Whang to continue Beethoven sonata cycle

The music of Beethoven is returning to Cameron University in the third concert of Hyunsoon Whang’s planned complete cycle of the famed composers sonatas.

The music of Beethoven is returning to Cameron University in the third concert of Hyunsoon Whang’s planned complete cycle of the famed composers sonatas.

Whang has set the goal of performing the entire cycle of Beethoven’s 32 sonatas over the next few years. The sonatas are considered one of the most important collections of works in the history of music. She began the cycle in September 2019 and has performed six sonatas to date.

Whang will open the recital with Sonata No. 5 in C Minor, Op. 10 No. 1. Like the other sonatas in Op. 10, this composition was dedicated to Countess Anne Margarete von Browne, the wife of one of Beethoven’s patrons. It was written between 1796 and 1798.

“This sonata is from Beethoven’s early period, full of youthful energy and urgency,” Whang said. “It is compact yet contains plenty of drama and contrasts. The outer movements are jagged and unsettled, on purpose of course, and the middle movement Adagio molto is heavenly.”

Whang will then present Sonata No. 15 in D Major, Op 28, “Pastorale.” The work is generally admired for its intricate technicality as well as for its beauty. Published in 1801, it was dedicated to Count Joseph von Sonnenfels, a jurist, novelist and president of the Academy of Sciences.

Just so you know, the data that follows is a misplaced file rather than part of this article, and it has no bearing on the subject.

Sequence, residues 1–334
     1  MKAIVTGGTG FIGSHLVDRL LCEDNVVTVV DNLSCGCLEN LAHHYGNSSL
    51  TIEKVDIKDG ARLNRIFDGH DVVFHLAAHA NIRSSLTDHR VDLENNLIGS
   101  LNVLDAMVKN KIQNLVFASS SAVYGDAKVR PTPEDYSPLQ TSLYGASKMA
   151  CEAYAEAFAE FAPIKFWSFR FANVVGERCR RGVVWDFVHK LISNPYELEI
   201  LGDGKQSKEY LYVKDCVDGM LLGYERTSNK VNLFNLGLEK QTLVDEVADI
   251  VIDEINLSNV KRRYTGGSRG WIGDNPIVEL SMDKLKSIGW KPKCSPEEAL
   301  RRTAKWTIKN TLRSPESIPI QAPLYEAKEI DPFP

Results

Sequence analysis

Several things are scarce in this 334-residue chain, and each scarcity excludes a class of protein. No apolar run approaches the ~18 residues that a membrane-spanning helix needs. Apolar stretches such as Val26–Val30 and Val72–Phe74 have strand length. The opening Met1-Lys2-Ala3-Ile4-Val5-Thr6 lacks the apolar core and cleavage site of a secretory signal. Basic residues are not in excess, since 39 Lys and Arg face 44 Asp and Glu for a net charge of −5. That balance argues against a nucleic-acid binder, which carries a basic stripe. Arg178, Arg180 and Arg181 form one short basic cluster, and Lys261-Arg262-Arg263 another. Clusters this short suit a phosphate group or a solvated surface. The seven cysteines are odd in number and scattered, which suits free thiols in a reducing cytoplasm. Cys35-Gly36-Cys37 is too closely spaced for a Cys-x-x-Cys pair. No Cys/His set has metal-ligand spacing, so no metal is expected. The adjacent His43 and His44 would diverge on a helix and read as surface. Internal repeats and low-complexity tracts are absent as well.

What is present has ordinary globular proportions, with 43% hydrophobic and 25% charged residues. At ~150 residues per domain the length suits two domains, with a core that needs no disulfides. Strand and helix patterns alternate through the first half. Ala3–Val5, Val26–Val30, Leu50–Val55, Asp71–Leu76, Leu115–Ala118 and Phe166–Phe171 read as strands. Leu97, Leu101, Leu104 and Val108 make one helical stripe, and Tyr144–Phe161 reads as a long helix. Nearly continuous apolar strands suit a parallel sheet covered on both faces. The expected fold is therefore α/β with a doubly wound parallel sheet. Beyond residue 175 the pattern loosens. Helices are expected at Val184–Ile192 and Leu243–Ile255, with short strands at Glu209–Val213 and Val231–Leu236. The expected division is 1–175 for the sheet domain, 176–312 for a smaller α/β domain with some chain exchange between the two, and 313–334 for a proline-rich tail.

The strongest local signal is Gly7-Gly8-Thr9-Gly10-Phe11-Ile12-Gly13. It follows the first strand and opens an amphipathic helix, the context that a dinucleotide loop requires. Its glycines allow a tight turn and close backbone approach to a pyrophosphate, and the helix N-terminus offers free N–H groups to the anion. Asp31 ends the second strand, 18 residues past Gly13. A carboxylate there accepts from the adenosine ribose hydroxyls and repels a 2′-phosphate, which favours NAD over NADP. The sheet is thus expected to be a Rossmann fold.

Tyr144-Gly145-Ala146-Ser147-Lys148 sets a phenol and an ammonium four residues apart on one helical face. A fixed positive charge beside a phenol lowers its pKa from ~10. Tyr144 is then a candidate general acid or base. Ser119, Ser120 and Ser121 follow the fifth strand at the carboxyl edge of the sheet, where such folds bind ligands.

“This sonata from the middle period is one of my favorite Beethoven sonatas,” Whang said. “The ‘Pastorale’ was not a subtitle given by Beethoven himself, but one can definitely hear and feel the nature’s typology throughout. It is expansive, lyrical, tender, and symphonic in nature. Beethoven truly loved nature from which he found inspiration and solace throughout his life.”

Whang has selected “Les Adieux” Sonata No. 26 in E-flat Major, Op. 81a, to conclude the recital. Beethoven was prompted to compose this piece following Archduke Rudolf’s abandonment of Vienna in May 1809 due to the threat of war and his subsequent return in late January 1810. It is considered one of Beethoven’s most challenging sonatas due to the mature emotions that must be conveyed throughout as well as the technical difficulties involved. The composition is the bridge between Beethoven’s middle period and his later period.

“Of Beethoven’s 32 piano sonatas, this is the only truly ‘programmatic’ sonata in the sense that Beethoven gave it its subtitle ‘Das Lebewohl’ (farewell) for the first movement followed by ‘Abwesenheit’ and ‘Wiedersehen’ (absence and return) for the subsequent movements,” Whang said.

When selecting which sonatas to perform in one recital, Whang strives for a well-balanced program that she enjoys practicing and playing and that the audience will enjoy.

“I wanted to build a program around the Sonata No. 15,” she said. “The C Minor Sonata is a great opener with its dark, intense quality, then the euphoric D Major, the Pastorale, which is more like a symphony than a piano sonata, then finally the well-known, satisfying Sonata Op. 81a to end the program.”

Whang is a faculty member at Cameron University where she is the McMahon Endowed Chair in Music as well as a professor of music. She teaches piano, accompanying and music appreciation.

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